The passage of the Combat Methamphetamine Epidemic Act of 2005 unofficially created a new classification of drugs — those sold without prescription from behind the counter (BTC). The regulation, which passed in 2006, placed cold medications containing pseudoephedrine, also used to make the addictive stimulant methamphetamine, behind the counter. The emergency contraception, Plan B, which went over the counter in 2006, also is sold BTC.
The U.S. Government Accountability Office has decided to reexamine the viability of BTC as a drug class and update a 1995 report on the topic. In doing so, it looked at five countries where nonprescription drug availability has increased by altering nonprescription classes or reclassifying some drugs into less restrictive classes.
Proponents are supporting the move to improve public health through increased availability on nonprescription drugs and greater use of pharmacists' expertise. Opponents are concerned that a BTC drug class might become the default for drugs switching from prescription to nonprescription status, thus reducing consumer access to drugs that would otherwise become available OTC. They also argued pharmacists might not be able to provide the support counseling services needed for patients using the drugs.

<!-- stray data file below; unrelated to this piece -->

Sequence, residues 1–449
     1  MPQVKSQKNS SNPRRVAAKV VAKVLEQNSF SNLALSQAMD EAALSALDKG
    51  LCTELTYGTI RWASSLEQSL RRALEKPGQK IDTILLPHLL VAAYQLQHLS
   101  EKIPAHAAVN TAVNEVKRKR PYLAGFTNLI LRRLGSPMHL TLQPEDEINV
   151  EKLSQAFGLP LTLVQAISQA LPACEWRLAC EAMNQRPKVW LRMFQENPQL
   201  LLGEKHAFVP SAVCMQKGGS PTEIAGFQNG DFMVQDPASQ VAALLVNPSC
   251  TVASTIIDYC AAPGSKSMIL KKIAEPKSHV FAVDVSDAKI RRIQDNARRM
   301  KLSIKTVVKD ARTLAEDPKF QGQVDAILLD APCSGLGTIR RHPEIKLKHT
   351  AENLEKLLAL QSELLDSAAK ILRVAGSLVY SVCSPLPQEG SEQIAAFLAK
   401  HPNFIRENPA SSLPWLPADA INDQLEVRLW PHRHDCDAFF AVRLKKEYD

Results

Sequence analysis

Jim Wisner, president of Wisner Marketing Group, Libertyville, Ill., sees the BTC movement growing. He said if statin drugs that lower cholesterol go over the counter, they have a good chance of being sold BTC. “Such drugs need a small measure of reliable health care oversight that pharmacists are more than capable of doing. From a medication management standpoint, pharmacists get a lot more training than doctors,” Wisner said.
The movement of drugs to BTC status would help to change pharmacists' role in a good way, he added. “When their activity is primarily confined to dispensing, they're probably being under-utilized in the health care community. These are well-trained, very professional people who do understand medication management, and BTC drugs would enable pharmacists to have a more positive and proactive influence on what's going on with their patients' health.”